Posted by: Jessie | January 6, 2010

My Absinthe Experience in New Orleans


The Old Absinthe House in New Orleans

So after visiting the Absinthe Museum, we went looking for the Old Absinthe House.  It had been the hang-out of many famous people, including Oscar Wilde, P.T. Barnum, Mark Twain, Jenny Lind, Enrico Caruso, General Robert E Lee, Franklin Roosevelt, Liza Minelli and Frank Sinatra.  It is still located on Bourbon St.  This was the place that the Absinthe Frappe was invented. 

The original Old Absinthe House bar had decorative marble fountains that were used to drip cool water over sugar cubes into glasses of Absinthe.  It was going to be destroyed at the start of Prohibition.  Fortunately, the bar was moved under cover of darkness to a warehouse on Bourbon street in order to save it. It was returned to the building in 2004, but it is in a different part of the building, in Tony Moran’s restaurant.  The Old Absinthe House bar is now a dumpy little sports bar.  It did not hold the ambiance I expected.

Dumpy sports bar or not, I had to try an Absinthe Frappe in the very room where it was invented.  Eric ordered a Ramos Fizz.  Then a guy sat down at the bar next to me and ordered an Absinthe the traditional way.  The bartender put an absinthe spoon across the top of the glass, put a sugar cube on it, poured absinthe over the sugar cube and set it on fire.  When the sugar cube became bubbly she put it out with enough water to dissolve the sugar cube. 

According to the staff at the Absinthe Museum, this is an abuse of good absinthe.  She even had a t-shirt that said “Friends don’t let friends burn absinthe.”  The staff at the museum said that setting absinthe on fire is not traditional.  She said that the Czechoslovakian habit of setting drinks on fire had contaminated absinthe culture.  But of course, now at the bar, once I saw the pretty flame I wanted one too.  So I finished my Absinthe Frappe and ordered the “Traditional Absinthe.”

After two absinthe drinks,  I suddenly noticed that even though I was drinking the same drink in the same place as many famous historical people, I, myself, was not yet famous.  In the whole hour and a half I had been there I had not written any poetry, books, nor plays.  I had not created any masterpiece paintings, and I still could not sing.  How very disappointing.  I mentioned this to the bartender, and she laughed and told me that I had to drink a lot more of it for a lot longer time.  She wished me luck.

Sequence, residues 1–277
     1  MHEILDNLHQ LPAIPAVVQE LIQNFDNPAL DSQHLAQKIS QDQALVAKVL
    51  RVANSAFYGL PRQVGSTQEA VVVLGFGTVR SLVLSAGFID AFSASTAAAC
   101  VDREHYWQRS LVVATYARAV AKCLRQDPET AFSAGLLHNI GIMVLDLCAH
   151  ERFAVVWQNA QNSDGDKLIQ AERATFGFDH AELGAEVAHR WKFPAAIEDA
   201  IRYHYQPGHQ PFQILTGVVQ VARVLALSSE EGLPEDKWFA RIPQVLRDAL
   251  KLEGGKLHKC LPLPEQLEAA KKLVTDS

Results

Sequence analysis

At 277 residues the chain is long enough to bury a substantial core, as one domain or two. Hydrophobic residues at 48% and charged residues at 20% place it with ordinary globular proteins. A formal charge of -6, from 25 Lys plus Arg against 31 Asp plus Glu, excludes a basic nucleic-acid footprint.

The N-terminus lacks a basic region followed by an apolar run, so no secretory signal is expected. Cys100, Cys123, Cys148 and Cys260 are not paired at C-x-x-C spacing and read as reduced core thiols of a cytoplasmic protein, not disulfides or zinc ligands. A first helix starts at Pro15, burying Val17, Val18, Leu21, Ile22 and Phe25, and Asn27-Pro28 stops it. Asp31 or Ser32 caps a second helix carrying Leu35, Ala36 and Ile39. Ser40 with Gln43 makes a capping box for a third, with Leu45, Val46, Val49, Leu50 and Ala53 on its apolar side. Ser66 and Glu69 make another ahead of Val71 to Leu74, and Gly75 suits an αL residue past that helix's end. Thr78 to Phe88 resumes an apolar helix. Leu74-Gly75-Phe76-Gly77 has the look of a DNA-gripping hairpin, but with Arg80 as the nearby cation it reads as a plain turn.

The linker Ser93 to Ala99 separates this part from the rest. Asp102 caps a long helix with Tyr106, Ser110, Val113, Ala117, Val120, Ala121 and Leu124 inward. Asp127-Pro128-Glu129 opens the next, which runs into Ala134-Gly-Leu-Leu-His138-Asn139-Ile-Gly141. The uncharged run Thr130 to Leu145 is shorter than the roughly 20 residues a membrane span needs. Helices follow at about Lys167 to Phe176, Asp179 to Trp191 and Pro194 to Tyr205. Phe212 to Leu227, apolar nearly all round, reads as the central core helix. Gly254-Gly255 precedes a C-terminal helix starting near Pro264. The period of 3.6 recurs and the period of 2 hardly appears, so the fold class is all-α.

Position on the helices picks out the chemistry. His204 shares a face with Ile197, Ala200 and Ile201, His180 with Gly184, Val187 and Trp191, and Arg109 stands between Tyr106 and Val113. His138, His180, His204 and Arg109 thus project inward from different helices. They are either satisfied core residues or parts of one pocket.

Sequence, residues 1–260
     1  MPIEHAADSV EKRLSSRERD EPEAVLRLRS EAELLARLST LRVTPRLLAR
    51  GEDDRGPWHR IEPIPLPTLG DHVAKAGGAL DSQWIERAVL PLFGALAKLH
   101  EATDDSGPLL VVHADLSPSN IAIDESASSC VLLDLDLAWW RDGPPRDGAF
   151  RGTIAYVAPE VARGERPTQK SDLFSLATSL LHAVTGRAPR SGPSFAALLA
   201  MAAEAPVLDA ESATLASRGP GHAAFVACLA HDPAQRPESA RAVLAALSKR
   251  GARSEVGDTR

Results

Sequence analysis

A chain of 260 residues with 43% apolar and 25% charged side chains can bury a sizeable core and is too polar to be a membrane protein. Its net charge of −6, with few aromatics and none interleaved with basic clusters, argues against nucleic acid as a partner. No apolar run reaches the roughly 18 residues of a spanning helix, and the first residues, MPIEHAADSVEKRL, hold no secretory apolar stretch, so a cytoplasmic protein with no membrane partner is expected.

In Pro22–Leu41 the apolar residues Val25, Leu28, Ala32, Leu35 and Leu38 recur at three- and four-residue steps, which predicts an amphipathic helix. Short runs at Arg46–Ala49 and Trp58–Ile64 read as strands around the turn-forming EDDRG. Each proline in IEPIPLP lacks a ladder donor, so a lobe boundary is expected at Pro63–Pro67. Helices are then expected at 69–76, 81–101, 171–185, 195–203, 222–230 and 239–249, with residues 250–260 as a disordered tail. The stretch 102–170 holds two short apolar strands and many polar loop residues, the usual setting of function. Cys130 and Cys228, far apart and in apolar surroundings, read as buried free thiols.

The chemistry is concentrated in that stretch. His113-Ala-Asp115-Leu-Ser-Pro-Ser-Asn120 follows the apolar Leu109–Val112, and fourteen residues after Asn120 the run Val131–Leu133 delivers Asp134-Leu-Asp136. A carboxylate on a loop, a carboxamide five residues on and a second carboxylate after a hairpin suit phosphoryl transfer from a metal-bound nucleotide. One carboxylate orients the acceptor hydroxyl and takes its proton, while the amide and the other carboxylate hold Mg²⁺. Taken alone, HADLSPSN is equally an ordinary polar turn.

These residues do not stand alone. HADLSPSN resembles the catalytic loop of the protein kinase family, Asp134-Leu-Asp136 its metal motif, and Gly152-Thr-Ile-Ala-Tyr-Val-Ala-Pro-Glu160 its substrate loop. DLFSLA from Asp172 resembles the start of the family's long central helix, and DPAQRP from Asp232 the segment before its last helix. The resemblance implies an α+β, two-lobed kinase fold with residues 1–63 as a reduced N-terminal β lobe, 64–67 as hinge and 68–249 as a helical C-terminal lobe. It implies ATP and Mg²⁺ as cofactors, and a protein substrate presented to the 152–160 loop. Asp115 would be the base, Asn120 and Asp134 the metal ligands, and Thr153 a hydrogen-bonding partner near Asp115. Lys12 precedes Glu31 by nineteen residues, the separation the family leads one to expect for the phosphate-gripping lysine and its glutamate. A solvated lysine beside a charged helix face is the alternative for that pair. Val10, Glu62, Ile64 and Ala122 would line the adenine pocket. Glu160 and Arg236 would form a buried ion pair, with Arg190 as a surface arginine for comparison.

I thanked her and then got up to go to the ladies’ room.  At this point I realized that I was a little wobbly.  I had just had two very powerful drinks and did not feel it in my head, but I did feel it in my body.  Very mysterious.

The original bar from The Old Absinthe House, now located at Tony Moran's Restaurant in another part of the same building.

Original water fountain, (now located in Tony Moran's restaurant) used for dripping water over the sugar cube into the absinthe

The current bar at the Old Absinthe House, now a sports bar

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Responses

  1. I’m really shocked that the Old Absinthe House does the Bohemian (fire) ritual. They should know better. No serious absinthe drinker would even consider this. First, you are burning off the alcohol. But more importantly, this will ruin the flavor of a good absinthe. The Bohemian ritual was invented by the Czechs in the 1990’s. It was NEVER used in the old days. The thing is, Czech absinthe is of such poor quality that you really can’t hurt it. Stick with the traditional ritual of water over the sugar cube – NO FIRE!

    • I was surprised too! Unfortunately the bartender was really not an absinthe drinker, and it really has turned into a sports bar. All the TVs were showing games. (Football, I think.) Everyone there was watching the game. There was sports paraphernalia on the walls. Lots of jerseys and balls, etc. In my last picture you can see the football helmets over the bar. I imagine the type of people who go there regularly are more interested in flaming drinks then they are in history or mystique.


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